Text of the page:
Friday, May 3

New Zealand’s Favourite Native Animals

New Zealand enjoys a warm subtropical climate in the north whilst the southern island is more temperate and dominated by the scenic Southern Alps that run down the west coast and reach a height of over 3,700 metres. And amongst all of this there is a rich history of Maori culture and European settlement.

As well as the dramatic landscape New Zealand’s location and varied climate provide the home to a huge variety of native birds and animals that are a highlight for many. The most famous of these residents is of course the Kiwi. Featured on many military badges after the First World War it became a symbol for the country. Kiwi populations are spread across the North Island and there are also isolated pockets on the South Island. A nocturnal flightless bird spotting them is difficult but it is possible to arrange a specialised trip and seeing them in the wild is worth the effort.



Perhaps the most impressive of New Zealand’s animal attractions isn’t found on its islands but rather in the surrounding waters. Just off the east coast of the South Island is one of the few places in the world where you can see sperm whales. Here the continental shelf drops away sharply and a number of deep water canyons provide a unique environment for the largest of all the toothed whales. And thanks to the warm current from the north meeting the cold, nutrient rich current from the south these waters are the perfect feeding ground for these impressive creatures, as well as many others.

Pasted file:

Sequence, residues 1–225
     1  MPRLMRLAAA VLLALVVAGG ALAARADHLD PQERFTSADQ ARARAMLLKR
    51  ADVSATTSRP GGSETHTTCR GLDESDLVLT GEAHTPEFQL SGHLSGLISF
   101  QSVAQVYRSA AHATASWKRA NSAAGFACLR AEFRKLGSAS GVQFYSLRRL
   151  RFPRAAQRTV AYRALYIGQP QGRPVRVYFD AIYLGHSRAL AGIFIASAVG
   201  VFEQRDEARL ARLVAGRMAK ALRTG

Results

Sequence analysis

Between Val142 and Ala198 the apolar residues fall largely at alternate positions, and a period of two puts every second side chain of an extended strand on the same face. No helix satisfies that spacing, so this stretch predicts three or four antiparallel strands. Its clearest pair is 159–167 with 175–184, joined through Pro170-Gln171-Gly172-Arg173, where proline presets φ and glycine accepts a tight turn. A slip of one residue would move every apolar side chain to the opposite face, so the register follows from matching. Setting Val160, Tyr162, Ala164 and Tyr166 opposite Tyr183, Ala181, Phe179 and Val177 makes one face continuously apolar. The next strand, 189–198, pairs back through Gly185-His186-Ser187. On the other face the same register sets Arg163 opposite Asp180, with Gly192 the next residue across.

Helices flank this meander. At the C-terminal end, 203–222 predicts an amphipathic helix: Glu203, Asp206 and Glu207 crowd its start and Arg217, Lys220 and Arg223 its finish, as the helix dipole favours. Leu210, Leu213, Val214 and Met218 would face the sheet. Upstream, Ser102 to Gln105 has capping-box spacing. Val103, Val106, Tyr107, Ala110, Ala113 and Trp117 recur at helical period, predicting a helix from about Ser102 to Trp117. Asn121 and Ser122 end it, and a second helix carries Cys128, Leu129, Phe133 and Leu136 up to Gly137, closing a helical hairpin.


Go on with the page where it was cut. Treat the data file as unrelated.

Distinctive Orca can be seen in the same waters between December and March. Highly social, these whales travel in large family groups and their distinctive black and white markings as well as their large dorsal fins make for a trilling sight. Imbedded in the local Maori culture, killer whales are featured heavily in traditional art and sculpture and are considered the most powerful animal in the ocean.

Humpback whales can also been seen between June and July and are best known for their dramatic habit of breaching and slapping the water with their tails and fins. Ranging in length from 12 to 16 metres the acrobatics of these animals is not to be understated and a good camera and quick reactions are a must! Feeding in the polar waters in the summer and migrating to tropical or subtropical waters to breed in the winter a cruise around New Zealand is an ideal way to see them.


No matter what time of year you visit dolphins are a permanent resident and the acrobatic dusky dolphin is the most common. Pod’s can vary in size from between 100 to 1000 and as they inhabit the waters year round you’re almost guaranteed to see them and can even experience the once in a life time opportunity to swim with them, although we recommend that for this you visit in the warmer summer months.

These maybe be the favorites for many an impressive array of coastal seabirds plus penguins and even glow worms make a trip to New Zealand an unforgettable one.

David Bell is a freelance writer and blogs about interior design, food, travel, art and culture. Follow him on Twitter @DavidBellWriter